In order to ensure that aboriginal rights are not unjustifiably infringed upon by forest management activities, Ministry of Forests districts consult with local First Nations during the drafting and approval of forest development plans. The government has released a policy respecting the protection of aboriginal rights, in the context of resource management.
In addition, the government is committed to the negotiation of pre-treaty Memoranda of Understanding (MOU) to formalize the consultative relationship between First Nations and the Ministry of Forests. By bringing First Nations into the resource management decision-making process, MOUs reduce the potential for misunderstanding and confrontation over forest resource decisions.
An example of a recent MOU agreement is the MOU Respecting Resource Planning and Community Economic Development signed by the Dawson Creek Forest District and the Saulteau Indian Band. The agreement provides a framework for consultation between the ministry and the band, and for the negotiation of subsidiary agreements in other areas, such as planning, training and economic development.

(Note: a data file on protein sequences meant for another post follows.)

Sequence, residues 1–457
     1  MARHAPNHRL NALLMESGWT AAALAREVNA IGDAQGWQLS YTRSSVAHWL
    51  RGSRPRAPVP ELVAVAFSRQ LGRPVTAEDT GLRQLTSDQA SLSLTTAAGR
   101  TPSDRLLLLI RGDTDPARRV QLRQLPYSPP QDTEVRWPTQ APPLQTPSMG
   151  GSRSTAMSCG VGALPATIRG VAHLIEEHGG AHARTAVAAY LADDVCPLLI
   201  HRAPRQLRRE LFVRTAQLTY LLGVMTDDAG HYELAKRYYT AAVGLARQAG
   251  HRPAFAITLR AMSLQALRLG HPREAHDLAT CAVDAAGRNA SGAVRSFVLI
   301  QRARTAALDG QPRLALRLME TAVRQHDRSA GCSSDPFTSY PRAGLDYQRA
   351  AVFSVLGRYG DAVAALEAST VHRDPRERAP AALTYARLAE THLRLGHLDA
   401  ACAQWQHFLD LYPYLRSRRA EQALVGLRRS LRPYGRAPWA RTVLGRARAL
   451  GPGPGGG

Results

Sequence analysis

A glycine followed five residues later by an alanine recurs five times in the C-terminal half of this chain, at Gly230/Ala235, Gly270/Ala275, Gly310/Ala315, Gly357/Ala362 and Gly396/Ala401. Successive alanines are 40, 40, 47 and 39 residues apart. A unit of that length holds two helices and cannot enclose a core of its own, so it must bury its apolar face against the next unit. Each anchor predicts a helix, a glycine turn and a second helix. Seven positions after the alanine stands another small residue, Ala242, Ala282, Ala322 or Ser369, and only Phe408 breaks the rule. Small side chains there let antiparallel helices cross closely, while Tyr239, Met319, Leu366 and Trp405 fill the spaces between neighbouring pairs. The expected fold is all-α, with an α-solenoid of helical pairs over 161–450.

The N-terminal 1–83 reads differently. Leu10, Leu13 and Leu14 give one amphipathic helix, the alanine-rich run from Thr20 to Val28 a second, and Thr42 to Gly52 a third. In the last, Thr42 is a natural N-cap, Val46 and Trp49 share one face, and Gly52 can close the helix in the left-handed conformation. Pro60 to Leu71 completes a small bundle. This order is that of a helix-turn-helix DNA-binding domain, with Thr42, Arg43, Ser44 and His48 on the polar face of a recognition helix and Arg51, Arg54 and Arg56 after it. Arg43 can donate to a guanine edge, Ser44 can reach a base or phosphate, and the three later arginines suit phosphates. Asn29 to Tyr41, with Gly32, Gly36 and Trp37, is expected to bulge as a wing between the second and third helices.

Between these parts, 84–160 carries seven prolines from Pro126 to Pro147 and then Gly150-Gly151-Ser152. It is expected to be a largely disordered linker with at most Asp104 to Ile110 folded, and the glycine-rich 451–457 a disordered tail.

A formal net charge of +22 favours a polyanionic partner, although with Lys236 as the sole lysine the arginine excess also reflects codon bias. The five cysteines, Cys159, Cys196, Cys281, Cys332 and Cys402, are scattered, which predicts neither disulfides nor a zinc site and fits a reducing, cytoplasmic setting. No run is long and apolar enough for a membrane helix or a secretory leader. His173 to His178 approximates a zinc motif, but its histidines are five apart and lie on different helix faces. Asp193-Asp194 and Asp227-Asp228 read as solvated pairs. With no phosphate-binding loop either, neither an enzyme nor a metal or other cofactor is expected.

As well, the Ministry of Forests has initiated consultation with First Nations on other policy initiatives. For example, to review the draft Forest Practices Code, community information sessions were arranged in consultation with the two province-wide First Nations organizations, First Nations Summit and the Union of B.C. Indian Chiefs. Through these sessions, the ministry received valuable feedback on the Forest Practices Code.
Treaties are agreements between First Nations and the governments of British Columbia and Canada that define the rights of aboriginal people with respect to lands, resources, social services, self-government, environment, wildlife and other issues particular to each individual First Nation.
Unlike most of Canada, British Columbia is one of the provinces where First Nations and the government are not bound by treaties. Since confederation, successive provincial governments maintained a view that aboriginal rights and title were extinguished and that responsibility for settling land claims rested solely with Canada. After signing Treaty 8 in the Peace River area at the turn of the century, Canada withdrew from the treaty making process in British Columbia for over 70 years.
In 1973, the Supreme Court of Canada gave a split decision on a land title suit brought by the Nisga’a Tribal Council. The Canadian government revised its land claim policy after this case and opened negotiations with the Nisga’a Tribal Council to address long outstanding issues such as land title, access to resources and self-governance. The province continued to hold the view that Canada held sole responsibility to solve these difficult issues.